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Health: South Philadelphia Girl Defying The Odds Thanks To Research at CHOP

stephanie-web Stephanie Stahl
Stephanie Stahl, CBS 3 and The CW Philly 57’s Emmy Award-win...
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By Stephanie Stahl

PHILADELPHIA (CBS)--A South Philadelphia girl is defying the odds thanks to an experimental drug that’s giving her a new lease on life. The research that’s extending her life could one day help people with a variety of diseases.

Smiles come easily to Samantha Cammarata. It’s one of the few things she can do without help.

The 5-year-old has a rare mitochondrial  disorder called Leigh’s disease. Energy sources in the brain that control body functions get side tracked.

“It can affect daily functions, walking, speaking, two years ago it was breathing, so her brain stopped telling her lungs to breathe,” said Valerie Biscardi, Samantha’s mother.

There is no cure. Samantha’s mom said they’ve been living on borrowed time for about two-and-a-half years.

“Tough, really tough, we were told she had anywhere from one week to three months to live and that modern medicine had not yet caught up with her type of disease,” said Valerie.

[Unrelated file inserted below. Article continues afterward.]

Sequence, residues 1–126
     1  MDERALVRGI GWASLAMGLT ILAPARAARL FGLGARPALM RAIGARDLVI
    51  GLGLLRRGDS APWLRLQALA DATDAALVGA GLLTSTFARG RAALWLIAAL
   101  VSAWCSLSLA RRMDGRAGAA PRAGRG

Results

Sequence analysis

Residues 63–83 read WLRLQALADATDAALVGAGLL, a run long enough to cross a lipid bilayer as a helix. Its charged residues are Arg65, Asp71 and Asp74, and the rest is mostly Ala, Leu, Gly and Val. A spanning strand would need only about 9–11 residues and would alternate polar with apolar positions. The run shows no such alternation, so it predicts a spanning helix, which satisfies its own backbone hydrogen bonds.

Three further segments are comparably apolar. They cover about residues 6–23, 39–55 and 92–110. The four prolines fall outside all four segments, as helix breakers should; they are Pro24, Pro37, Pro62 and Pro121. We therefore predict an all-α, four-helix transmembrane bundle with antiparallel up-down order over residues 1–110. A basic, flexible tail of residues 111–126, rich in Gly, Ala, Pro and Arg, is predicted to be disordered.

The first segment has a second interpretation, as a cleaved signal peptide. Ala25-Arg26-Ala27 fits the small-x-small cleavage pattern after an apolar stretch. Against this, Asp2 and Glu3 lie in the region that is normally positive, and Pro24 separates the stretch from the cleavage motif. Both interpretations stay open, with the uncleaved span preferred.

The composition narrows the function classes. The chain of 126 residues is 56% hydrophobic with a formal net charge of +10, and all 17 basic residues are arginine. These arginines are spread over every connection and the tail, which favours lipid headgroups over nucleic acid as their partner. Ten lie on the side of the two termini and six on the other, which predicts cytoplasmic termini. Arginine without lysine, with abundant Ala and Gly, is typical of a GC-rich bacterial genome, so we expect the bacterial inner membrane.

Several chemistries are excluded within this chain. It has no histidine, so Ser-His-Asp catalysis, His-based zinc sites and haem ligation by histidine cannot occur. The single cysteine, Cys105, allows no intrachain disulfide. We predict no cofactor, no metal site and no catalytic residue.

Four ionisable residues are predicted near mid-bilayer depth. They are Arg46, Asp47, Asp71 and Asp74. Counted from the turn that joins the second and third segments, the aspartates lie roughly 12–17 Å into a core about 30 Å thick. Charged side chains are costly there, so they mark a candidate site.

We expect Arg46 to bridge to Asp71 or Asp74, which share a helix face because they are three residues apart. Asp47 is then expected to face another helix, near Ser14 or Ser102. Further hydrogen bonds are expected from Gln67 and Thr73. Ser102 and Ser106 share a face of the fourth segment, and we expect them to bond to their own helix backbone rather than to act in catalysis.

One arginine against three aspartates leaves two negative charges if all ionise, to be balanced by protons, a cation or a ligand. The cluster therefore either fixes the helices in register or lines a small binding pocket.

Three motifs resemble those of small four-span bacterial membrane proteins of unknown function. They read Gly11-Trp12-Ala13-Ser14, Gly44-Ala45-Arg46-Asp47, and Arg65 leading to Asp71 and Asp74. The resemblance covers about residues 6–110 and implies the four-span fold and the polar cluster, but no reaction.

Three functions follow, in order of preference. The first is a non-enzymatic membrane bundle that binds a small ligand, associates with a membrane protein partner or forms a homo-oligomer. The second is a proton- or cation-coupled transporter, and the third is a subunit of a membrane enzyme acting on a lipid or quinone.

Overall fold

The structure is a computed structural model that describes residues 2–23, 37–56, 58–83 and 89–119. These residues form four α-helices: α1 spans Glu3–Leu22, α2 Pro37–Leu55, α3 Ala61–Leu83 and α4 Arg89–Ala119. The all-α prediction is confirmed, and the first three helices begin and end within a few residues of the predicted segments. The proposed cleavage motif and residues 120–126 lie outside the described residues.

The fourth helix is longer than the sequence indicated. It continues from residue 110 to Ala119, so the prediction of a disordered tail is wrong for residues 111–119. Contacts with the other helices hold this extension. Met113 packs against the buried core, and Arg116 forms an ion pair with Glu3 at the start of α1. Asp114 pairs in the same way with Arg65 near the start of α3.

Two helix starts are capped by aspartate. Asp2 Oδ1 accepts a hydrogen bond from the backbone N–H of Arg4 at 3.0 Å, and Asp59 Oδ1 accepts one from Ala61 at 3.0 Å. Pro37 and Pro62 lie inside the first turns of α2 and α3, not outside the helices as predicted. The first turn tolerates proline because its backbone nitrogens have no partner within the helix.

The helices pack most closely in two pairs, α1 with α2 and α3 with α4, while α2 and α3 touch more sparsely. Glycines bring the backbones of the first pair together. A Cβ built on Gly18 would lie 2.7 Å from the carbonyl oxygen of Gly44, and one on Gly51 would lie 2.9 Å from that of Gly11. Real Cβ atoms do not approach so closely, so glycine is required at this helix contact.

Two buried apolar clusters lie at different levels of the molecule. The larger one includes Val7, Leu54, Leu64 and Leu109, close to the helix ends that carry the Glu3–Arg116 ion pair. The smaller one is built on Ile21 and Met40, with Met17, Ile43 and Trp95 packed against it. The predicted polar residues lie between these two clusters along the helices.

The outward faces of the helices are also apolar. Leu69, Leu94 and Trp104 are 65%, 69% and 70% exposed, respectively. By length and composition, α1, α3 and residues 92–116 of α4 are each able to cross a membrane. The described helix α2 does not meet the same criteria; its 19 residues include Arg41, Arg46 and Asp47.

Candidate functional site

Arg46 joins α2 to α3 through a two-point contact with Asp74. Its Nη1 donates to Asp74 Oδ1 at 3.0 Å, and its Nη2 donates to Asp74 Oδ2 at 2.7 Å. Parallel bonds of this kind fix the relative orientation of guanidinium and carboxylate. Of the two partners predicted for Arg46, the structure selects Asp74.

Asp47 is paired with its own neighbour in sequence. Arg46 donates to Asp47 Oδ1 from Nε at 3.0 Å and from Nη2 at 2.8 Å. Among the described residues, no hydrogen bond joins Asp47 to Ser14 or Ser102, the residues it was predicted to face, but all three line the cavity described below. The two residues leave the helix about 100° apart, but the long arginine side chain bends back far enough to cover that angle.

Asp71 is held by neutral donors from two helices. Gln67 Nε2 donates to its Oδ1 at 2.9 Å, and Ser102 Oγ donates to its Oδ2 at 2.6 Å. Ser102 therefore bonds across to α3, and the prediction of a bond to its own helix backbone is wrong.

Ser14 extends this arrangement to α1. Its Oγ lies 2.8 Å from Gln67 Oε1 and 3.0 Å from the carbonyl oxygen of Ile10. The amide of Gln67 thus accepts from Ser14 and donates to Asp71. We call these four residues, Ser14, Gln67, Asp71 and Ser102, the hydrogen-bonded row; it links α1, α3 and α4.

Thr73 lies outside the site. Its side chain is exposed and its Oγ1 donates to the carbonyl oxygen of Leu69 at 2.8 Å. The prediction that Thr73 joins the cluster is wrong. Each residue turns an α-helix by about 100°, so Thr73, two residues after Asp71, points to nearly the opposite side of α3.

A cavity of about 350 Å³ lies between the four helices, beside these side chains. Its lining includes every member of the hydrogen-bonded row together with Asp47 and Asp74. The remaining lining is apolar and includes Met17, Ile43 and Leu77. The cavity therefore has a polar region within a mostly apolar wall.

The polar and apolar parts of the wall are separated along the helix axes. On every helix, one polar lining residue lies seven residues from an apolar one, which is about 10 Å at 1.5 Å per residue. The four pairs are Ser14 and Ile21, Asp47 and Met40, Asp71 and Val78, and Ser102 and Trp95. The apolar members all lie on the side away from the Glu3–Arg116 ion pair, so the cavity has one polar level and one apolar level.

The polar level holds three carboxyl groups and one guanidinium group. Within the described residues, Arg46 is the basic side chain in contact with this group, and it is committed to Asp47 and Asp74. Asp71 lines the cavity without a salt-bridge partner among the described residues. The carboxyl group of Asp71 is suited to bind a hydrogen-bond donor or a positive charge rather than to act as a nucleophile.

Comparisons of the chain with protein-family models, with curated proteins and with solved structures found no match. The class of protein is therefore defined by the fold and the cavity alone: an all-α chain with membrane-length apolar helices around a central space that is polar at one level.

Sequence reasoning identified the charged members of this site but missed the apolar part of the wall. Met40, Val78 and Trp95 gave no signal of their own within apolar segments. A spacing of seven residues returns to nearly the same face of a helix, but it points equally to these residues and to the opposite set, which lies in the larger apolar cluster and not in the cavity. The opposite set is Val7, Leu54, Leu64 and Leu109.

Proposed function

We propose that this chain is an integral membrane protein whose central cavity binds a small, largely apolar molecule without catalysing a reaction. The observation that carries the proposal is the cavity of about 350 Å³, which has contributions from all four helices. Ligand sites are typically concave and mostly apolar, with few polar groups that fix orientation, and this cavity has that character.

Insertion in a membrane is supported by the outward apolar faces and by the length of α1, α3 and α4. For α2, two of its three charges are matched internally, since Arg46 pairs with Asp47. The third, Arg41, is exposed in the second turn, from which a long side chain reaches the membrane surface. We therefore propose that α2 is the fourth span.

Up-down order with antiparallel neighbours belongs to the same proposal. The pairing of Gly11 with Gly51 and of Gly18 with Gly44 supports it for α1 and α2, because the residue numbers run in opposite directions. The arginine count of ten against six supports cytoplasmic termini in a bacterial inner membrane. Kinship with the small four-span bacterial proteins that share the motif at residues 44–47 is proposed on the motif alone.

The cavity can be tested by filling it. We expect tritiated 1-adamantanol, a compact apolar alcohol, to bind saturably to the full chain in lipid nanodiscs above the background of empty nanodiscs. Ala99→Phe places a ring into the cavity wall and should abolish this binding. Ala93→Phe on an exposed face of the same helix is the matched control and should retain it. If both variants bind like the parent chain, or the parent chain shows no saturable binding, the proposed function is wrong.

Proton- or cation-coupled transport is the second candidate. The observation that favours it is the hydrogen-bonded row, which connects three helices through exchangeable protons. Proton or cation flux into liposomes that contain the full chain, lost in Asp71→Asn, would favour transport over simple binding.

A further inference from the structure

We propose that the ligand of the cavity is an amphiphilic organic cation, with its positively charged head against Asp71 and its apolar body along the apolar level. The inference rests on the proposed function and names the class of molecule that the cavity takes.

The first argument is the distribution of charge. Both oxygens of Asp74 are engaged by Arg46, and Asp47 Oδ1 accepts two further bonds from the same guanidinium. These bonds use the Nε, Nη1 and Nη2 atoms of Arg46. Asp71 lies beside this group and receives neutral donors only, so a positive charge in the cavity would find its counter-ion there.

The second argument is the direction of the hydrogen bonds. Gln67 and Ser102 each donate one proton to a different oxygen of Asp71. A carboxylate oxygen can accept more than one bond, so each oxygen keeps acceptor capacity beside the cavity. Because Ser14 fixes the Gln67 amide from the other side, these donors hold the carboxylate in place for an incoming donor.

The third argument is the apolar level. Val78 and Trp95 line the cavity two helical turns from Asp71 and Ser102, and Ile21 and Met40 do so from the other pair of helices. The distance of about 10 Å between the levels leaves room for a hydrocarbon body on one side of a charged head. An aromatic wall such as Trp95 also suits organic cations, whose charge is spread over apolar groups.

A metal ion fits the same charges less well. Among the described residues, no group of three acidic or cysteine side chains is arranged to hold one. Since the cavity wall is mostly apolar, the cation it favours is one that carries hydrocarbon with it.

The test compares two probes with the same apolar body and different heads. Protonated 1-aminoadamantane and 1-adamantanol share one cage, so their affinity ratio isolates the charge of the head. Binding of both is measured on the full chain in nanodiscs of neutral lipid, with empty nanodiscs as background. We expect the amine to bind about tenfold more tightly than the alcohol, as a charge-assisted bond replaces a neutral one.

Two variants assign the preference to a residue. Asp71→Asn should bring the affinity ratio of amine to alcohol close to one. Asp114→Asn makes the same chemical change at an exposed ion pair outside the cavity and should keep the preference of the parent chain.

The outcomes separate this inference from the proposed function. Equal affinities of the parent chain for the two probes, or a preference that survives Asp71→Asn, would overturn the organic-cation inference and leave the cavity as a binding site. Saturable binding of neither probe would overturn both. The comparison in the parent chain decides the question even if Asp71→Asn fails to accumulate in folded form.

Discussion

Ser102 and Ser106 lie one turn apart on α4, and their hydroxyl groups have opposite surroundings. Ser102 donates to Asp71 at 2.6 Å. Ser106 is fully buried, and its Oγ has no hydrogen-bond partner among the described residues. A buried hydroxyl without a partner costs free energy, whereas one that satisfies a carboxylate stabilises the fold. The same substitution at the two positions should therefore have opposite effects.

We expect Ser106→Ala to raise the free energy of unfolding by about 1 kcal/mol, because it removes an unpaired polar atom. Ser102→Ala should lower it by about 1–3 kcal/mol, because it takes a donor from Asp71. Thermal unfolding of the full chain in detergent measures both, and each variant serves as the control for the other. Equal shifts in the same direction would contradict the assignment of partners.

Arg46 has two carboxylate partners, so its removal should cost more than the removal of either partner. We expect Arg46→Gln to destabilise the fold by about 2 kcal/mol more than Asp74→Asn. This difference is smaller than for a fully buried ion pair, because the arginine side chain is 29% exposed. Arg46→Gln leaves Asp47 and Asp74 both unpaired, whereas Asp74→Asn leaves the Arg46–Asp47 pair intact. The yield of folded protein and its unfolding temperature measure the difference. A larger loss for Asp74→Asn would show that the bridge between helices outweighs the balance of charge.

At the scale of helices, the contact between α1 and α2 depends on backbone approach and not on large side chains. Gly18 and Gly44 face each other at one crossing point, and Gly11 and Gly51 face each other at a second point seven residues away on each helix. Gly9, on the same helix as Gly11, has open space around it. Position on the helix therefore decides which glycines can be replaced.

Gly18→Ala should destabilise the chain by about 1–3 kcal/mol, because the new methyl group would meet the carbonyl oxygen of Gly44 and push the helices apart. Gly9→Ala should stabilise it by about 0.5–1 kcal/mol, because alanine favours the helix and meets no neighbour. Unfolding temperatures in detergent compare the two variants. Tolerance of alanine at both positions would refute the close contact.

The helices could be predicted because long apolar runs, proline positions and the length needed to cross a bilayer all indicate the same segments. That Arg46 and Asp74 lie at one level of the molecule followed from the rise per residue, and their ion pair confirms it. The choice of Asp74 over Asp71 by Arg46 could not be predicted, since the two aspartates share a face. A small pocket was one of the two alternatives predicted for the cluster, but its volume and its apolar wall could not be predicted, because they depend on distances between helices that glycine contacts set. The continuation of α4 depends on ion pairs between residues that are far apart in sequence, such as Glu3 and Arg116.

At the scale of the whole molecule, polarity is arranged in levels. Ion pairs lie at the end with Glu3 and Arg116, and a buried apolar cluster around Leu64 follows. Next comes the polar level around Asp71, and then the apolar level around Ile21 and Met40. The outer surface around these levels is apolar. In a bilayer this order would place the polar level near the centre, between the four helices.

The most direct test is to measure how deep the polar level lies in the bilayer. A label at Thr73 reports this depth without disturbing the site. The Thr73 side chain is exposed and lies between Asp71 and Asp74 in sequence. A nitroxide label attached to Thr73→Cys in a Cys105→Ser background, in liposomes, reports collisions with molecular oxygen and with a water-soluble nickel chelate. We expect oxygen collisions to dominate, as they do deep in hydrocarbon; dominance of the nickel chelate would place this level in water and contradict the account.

But an experimental antioxidant drug is working wonders, and has improved Samantha’s life.

“She’s defying odds,” said Valerie.

Dr. Marni Falk at The Children’s Hospital of Philadelphia is doing mitochondrial research with microscopic worms to better understand mutations that are found in humans and how they respond to different therapies.

“We were able to restore the health of the cells and their ability actually to function. It’s very exciting to us that there’s a whole new tool box, if you will, of drugs that exist or could be developed,” said Dr. Falk.

She says mitochondrial research could eventually help patients with other diseases, including diabetes and Parkinson’s, but Samantha’s family knows there’s nothing available right now that could save her.

“My hope is what we’re doing or trying to do for Samantha will open doors for many other kids behind her,” said Valerie

Doctors say mitochondrial diseases can be difficult to diagnose, so they’re often missed or found late when treatment isn’t as effective. They hope to raise awareness and money for more research and better treatments.

For more information on Mitochondrial Disease CHOP Research, click here.

For more information on United Mitochondrial Disease Foundation, click here.